Banks are putting the concept of securities lending on a blockchain-inspired platform to the test.

ING and Credit Suisse have executed the first live securities lending transaction on R3’s Corda distributed ledger in a move that could prove to critics that such technologies are not just hype. The two Wall Street firms swapped baskets of Dutch and German government securities worth 25 million euros.

Credit Suisse signage.
ING and Credit Suisse have executed the first live securities lending transaction on R3’s Corda distributed ledger in a move that could prove to critics that such technologies are not just hype. Bloomberg News

The firms are using R3’s blockchainlike technology to solve a liquidity problem. As a result of Basel III, specifically the liquidity coverage ratio that requires larger capital reserves, many large banks have what they consider to be excess liquidity. One way institutions can manage that problem is by borrowing and lending of cash or securities.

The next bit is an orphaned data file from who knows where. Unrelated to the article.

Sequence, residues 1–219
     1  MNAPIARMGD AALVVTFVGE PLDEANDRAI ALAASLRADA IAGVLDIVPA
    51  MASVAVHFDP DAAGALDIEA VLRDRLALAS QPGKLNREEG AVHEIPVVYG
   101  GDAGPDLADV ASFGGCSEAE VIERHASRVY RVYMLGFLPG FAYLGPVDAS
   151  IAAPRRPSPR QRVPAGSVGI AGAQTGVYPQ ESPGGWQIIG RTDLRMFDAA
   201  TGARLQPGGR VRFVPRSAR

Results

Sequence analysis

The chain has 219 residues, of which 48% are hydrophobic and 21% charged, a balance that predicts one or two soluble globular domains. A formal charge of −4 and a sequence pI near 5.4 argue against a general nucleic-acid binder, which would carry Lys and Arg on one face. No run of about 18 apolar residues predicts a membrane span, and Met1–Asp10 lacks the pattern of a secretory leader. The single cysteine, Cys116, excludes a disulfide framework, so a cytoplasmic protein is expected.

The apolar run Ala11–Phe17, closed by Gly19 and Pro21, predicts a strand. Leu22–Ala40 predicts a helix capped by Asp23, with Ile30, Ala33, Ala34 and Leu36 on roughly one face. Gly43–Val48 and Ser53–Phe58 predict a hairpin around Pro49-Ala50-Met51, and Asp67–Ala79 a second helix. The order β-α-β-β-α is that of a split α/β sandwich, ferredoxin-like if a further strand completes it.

Typically in securities lending, they are moved from one account to another. In a new approach built by HQLAx, however, digital collateral records are used to transfer ownership of baskets of securities, without having to move the underlying securities from one custodian to another.

In this collaboration with R3 and several banks, HQLAx’s digital collateral records are managed on R3’s distributed ledger, which has some features of a blockchain, but is private and permissioned, not open to the public as a blockchain would be. The law firm Clifford Chance also helped develop the legal architecture for transferring ownership of securities in this way.

The hope is that this technology could not only help market participants redistribute liquidity more effectively and more cost-efficiently, but also enhance regulatory transparency of collateral chains, and mitigate systemic risk by enabling orderly default unwinds.